Fibromyalgia is a disorder that causes aches and pain all over the body. People with fibromyalgia also have “tender points” throughout their bodies. Tender points are specific places on the neck, shoulders, back, hips, arms, and legs that hurt when pressure is put on them.
Fibromyalgia affects as many as five million Americans ages 18 and older. Most people with fibromyalgia are women (about 80 – 90 percent). However, men and children also can have the disorder. Most people are diagnosed during middle age. Fibromyalgia can occur by itself, but people with certain other diseases, such as rheumatoid arthritis, lupus, and other types of arthritis, may be more likely to have it. Individuals who have a close relative with fibromyalgia are also more likely to develop it themselves.
What Causes Fibromyalgia?
- The causes of fibromyalgia are not yet known. Researchers think a number of factors might be involved. Fibromyalgia can occur on its own, but has also been linked to:
- Having a family history of fibromyalgia
- Being exposed to stressful or traumatic events, such as:
- Car accidents
- Injuries to the body caused by performing the same action over and over again (called “repetitive” injuries)
- Infections or illnesses
How is fibromyalgia diagnosed?
People with fibromyalgia often see many doctors before being diagnosed. One reason for this may be that pain and fatigue, the main symptoms of fibromyalgia, also are symptoms of many other conditions. Therefore, doctors often must rule out other possible causes of these symptoms before diagnosing fibromyalgia. Fibromyalgia cannot be found by a lab test. A doctor who knows about fibromyalgia, however, can make a diagnosis based upon two criteria:
- A history of widespread pain lasting more than 3 months. Pain must be present in both the right and left sides of the body as well as above and below the waist.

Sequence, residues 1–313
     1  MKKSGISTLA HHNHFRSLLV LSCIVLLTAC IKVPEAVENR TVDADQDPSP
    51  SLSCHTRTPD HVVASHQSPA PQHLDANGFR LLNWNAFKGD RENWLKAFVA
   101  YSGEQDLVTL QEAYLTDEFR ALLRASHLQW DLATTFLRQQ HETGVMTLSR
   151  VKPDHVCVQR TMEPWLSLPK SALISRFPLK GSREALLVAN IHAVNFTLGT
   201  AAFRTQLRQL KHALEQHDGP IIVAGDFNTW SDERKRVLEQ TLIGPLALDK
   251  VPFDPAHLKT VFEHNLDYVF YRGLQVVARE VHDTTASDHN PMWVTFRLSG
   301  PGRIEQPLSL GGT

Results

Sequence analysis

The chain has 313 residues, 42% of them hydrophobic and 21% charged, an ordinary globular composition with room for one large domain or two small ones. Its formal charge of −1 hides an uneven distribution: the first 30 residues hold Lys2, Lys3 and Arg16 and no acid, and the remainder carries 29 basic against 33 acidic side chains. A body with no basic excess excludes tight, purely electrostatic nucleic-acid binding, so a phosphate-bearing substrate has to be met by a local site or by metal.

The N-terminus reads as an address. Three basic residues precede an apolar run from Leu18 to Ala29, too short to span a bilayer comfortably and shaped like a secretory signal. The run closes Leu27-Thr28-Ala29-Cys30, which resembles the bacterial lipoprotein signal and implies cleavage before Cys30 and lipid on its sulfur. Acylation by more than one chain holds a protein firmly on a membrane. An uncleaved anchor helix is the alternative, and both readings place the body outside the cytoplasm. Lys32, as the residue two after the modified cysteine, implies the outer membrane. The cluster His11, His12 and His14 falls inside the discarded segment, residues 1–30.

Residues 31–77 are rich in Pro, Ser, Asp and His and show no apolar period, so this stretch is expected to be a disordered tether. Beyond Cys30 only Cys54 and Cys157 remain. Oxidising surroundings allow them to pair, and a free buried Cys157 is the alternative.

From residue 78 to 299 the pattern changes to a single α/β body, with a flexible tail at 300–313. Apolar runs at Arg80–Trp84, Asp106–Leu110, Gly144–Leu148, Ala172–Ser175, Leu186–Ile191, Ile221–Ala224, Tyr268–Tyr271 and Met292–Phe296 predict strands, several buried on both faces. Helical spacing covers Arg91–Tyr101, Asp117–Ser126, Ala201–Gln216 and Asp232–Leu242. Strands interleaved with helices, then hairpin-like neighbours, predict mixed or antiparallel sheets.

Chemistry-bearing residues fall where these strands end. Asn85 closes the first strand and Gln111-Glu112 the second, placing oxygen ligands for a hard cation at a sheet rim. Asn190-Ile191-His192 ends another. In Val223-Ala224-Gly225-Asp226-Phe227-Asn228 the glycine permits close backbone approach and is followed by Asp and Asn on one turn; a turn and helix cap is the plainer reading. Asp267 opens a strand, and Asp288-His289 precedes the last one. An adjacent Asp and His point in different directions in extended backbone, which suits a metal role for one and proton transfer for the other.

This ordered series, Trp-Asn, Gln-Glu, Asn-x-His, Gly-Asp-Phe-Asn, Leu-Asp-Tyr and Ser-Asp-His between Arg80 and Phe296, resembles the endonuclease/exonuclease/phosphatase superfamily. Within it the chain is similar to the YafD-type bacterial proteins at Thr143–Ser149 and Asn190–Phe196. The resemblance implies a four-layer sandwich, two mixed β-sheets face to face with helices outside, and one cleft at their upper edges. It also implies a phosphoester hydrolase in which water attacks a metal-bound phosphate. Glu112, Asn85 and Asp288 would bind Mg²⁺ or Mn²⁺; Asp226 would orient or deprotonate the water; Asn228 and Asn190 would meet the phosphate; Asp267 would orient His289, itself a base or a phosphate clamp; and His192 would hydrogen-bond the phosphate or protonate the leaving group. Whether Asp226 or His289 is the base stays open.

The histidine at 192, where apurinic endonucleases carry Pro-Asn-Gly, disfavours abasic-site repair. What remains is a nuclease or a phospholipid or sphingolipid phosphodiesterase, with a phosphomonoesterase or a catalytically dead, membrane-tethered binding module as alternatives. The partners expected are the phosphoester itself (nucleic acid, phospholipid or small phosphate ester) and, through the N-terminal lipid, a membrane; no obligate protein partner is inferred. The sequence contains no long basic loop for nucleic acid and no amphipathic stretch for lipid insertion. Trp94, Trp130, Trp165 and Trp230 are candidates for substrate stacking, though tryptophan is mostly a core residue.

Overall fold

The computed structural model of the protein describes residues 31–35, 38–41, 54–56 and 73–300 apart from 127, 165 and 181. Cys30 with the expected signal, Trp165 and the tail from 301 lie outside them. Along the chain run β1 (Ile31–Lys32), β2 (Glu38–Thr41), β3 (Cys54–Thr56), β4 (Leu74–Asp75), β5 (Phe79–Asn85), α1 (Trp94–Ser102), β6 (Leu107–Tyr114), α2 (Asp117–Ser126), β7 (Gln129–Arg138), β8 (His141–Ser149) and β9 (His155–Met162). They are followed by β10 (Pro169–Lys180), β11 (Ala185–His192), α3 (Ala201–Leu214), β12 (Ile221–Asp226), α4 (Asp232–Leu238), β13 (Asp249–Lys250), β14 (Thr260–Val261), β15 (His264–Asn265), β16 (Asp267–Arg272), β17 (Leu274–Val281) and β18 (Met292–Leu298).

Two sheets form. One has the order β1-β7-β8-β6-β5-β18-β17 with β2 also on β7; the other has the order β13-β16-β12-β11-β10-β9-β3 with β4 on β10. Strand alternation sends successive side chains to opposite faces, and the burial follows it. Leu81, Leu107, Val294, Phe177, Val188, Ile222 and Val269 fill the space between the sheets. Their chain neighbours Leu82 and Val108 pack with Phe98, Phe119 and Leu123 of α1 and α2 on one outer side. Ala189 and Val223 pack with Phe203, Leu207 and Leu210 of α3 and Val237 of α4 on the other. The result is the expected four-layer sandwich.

- Presence of tender points. The body has 18 sites that are possible tender points. For fibromyalgia diagnosis, a person must have 11 or more tender points. For a point to be “tender,” the patient must feel pain when pressure is put on the site. People who have fibromyalgia may feel pain at other sites, too, but those 18 sites on the body are used for diagnosis.
How is Fibromyalgia Treated?
Fibromyalgia can be hard to treat. It’s important to find a doctor who has treated others with fibromyalgia. Many family doctors, general internists, or rheumatologists can treat fibromyalgia. Rheumatologists are doctors who treat arthritis and other conditions that affect the joints and soft tissues.
Treatment often requires a team approach. The team may include your doctor, a physical therapist, and possibly other health care providers. A pain or rheumatology clinic can be a good place to get treatment. Treatment for fibromyalgia may include the following:
Getting enough sleep: Getting enough sleep and the right kind of sleep can help ease the pain and fatigue of fibromyalgia. Most adults need seven to eight hours of “restorative” sleep per night. Restorative sleep leaves you feeling well-rested and ready for your day to start when you wake up. It is hard for people with fibromyalgia to get a good night’s sleep. It is important to discuss any sleep problems with your doctor, who can then recommend proper treatment.
Exercising: Although pain and fatigue may make exercise and daily activities difficult, it is crucial to be as physically active as possible. Research has repeatedly shown that regular exercise is one of the most effective treatments for fibromyalgia. People who have too much pain or fatigue to do hard exercise should just begin to move more and become more active in routine daily activities. They can begin with walking (or other gentle exercise) and build their endurance and intensity slowly.
Eating well: Although some people with fibromyalgia report feeling better when they eat or avoid certain foods, no specific diet has been proven to influence fibromyalgia. Of course, it is important to have a healthy, balanced diet. Not only will proper nutrition give you more energy and make you generally feel better, it will also help you avoid other health problems.
Pain management: Three medicines have been approved by the U.S. Food and Drug Administration (FDA) to treat fibromyalgia. These are pregabalin (Lyrica), duloxetine (Cymbalta), and milnacipran (Savella). Other medications are being developed and may also receive FDA approval in the future. Your doctor may also suggest non-narcotic pain relievers, low-dose antidepressants, or other classes of medications that might help improve certain symptoms.
Other treatments: Complementary therapies may help you. Talk to your physician before trying any alternative treatments. These include:
- Physical therapy
- Myofascial release therapy
- Water therapy
- Light aerobics
- Applying heat or cold
- Relaxation exercises
- Breathing techniques
- Cognitive therapy
- Nutritional supplements